In response to a recent video released by BuzzFeed called “I’m a Christian, but I’m not…” Mollie Hemingway of The Federalist wrote this in her response regarding five glaring problems with this video: “When you build your faith around what type of Christian you’re not, your faith is not built around Christ.”
She couldn’t be more right. Comprising of a group of young people who declare what they are not (i.e., homophobes, intolerant, uneducated, close-minded, judgmental, etc.), despite being Christians, BuzzFeed’s video, which seeks to cancel out stereotypes against Christians unfortunately brings almost zero glory to God.
In fact, Hemingway equates these individual’s declarations to the Pharisee’s prayer in Luke 18 when he said, “God, I thank you that I am not like other men.” And what did Jesus have to say about such a mentality? He condemned it. He warned us against thinking we are better than others, and told us instead to be like the tax collector who recognized his sinful nature and relied wholly on God’s mercy.
Since its release, the video has gone viral, inciting all sorts of responses both from those who identify themselves as Christians, and those who do not. Which begs the question, “What does being a Christian even mean to people?” When you say that you’re a Christian, what does that mean to you? Is it an identity? A tradition? A culture? A club?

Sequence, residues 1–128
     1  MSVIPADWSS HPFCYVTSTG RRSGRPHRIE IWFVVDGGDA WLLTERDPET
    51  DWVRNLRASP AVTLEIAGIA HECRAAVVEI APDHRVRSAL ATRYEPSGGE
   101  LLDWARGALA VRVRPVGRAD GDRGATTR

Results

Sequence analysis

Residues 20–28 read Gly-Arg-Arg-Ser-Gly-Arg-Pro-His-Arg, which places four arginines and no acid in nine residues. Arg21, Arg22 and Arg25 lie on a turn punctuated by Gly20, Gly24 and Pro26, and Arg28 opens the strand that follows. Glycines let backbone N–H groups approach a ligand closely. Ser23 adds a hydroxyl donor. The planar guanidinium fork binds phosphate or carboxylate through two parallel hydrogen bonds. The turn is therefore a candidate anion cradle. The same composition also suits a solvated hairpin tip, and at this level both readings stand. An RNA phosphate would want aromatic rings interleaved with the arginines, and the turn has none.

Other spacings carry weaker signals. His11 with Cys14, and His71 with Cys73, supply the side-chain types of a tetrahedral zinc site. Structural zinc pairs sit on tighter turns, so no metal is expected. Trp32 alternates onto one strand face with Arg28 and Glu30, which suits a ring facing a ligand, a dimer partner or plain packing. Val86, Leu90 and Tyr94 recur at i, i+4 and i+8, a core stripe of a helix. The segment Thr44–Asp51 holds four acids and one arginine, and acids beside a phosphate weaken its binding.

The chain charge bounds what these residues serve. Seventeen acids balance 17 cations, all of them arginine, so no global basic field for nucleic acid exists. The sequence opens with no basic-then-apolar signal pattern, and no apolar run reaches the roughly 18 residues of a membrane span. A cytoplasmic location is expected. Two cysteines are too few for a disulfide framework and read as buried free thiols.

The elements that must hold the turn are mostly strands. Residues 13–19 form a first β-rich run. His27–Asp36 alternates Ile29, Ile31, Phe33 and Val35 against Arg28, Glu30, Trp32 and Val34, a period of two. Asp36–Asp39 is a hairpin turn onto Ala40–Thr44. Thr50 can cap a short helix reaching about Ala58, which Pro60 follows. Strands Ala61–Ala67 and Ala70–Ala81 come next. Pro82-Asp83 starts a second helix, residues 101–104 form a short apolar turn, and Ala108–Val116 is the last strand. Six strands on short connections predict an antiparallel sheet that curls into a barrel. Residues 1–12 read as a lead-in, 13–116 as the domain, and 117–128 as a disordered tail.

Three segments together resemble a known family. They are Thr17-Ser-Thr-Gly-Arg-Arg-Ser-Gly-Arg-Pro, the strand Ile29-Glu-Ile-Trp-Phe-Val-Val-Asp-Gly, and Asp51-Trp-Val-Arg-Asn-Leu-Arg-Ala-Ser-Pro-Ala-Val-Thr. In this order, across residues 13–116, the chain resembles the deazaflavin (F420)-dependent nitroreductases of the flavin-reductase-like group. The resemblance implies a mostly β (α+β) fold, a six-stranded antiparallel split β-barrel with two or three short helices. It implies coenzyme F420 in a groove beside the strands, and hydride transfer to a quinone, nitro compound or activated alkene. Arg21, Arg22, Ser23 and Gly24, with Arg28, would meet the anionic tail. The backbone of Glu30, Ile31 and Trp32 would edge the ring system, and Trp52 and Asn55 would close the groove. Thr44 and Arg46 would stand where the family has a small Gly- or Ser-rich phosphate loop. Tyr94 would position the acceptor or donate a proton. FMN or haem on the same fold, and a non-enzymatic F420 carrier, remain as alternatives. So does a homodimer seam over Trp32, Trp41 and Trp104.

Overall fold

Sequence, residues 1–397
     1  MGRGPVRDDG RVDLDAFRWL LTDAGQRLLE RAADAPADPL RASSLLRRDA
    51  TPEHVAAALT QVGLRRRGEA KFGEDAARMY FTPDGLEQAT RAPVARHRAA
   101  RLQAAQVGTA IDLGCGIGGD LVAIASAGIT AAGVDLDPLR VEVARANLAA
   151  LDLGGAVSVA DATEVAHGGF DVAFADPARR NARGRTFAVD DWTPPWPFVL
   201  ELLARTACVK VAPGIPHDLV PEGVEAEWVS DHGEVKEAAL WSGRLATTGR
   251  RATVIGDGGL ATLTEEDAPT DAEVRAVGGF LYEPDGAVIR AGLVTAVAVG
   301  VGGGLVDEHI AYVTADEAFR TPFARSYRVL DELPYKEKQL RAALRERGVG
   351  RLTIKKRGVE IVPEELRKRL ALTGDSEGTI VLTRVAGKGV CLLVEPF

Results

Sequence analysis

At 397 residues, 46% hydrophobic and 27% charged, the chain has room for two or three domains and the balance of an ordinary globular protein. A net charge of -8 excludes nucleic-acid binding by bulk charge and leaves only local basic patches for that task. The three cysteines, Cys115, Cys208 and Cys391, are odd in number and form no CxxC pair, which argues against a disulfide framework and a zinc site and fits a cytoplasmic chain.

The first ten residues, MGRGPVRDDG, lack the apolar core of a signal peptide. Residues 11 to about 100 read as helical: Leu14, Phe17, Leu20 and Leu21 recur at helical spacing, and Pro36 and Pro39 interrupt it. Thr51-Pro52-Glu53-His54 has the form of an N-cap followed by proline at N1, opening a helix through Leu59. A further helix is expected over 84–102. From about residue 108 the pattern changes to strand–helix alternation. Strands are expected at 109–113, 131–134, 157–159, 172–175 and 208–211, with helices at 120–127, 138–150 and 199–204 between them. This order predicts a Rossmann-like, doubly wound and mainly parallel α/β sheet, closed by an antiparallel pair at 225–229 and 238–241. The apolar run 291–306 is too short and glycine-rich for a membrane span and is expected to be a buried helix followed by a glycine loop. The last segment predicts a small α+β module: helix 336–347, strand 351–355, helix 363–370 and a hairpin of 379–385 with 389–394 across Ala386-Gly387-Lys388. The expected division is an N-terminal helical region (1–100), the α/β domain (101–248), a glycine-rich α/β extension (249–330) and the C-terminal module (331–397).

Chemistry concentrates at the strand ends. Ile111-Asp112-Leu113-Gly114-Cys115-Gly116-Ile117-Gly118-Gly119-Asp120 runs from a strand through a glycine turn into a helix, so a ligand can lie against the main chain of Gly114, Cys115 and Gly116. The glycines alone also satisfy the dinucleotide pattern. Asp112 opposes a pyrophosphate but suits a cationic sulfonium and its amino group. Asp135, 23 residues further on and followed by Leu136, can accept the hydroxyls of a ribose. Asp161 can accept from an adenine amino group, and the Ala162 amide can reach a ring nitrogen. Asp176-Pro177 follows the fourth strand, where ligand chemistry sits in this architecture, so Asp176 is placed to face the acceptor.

Hemingway points out in her article, first and foremost, that Jesus is not mentioned in the video. At all. She also quotes Michael Wear who tweeted, “The Christianity of too many millennials is built around proving what type of Christian we are not. This is not edifying.”
He is correct, and this is a big problem. Even though this video and all its responses may be directed more toward the American audience and seems to be targeting the “White American Evangelical” culture, it is a good wake-up call even to us on the other side of the globe to evaluate if this is true of us.
It is important for us to take a step back and ask ourselves if our goal as Christians is about proving to the world what we think Christianity is or isn’t about, or if we are simply living for Christ.
Because here’s the deal. God does not need us to jump to His defense. If He wanted to defend Himself, He would. But that’s not the way He works. Imagine if God retaliated and took on a defensive position every single time we humans raise our fists at Him. Imagine if God got mad and said, “Eh! Who said I’m like that? I’m not like that, ok?!”
What do you think would happen if God was constantly trying to justify His actions and explain why He does the things He does? When Job was afflicted with so much pain and sorrow, do you think he would have worshipped God in the end if God had said “I’m sorry”?
Imagine if God had said, “I know it hurts, but I felt that it was for the best. Please don’t be mad at me. I’ll pay you back, I promise. I’ll give you more than you had before. Just don’t be upset with me. Cos I’m really not a cold-hearted God for letting you suffer. You have to believe me.”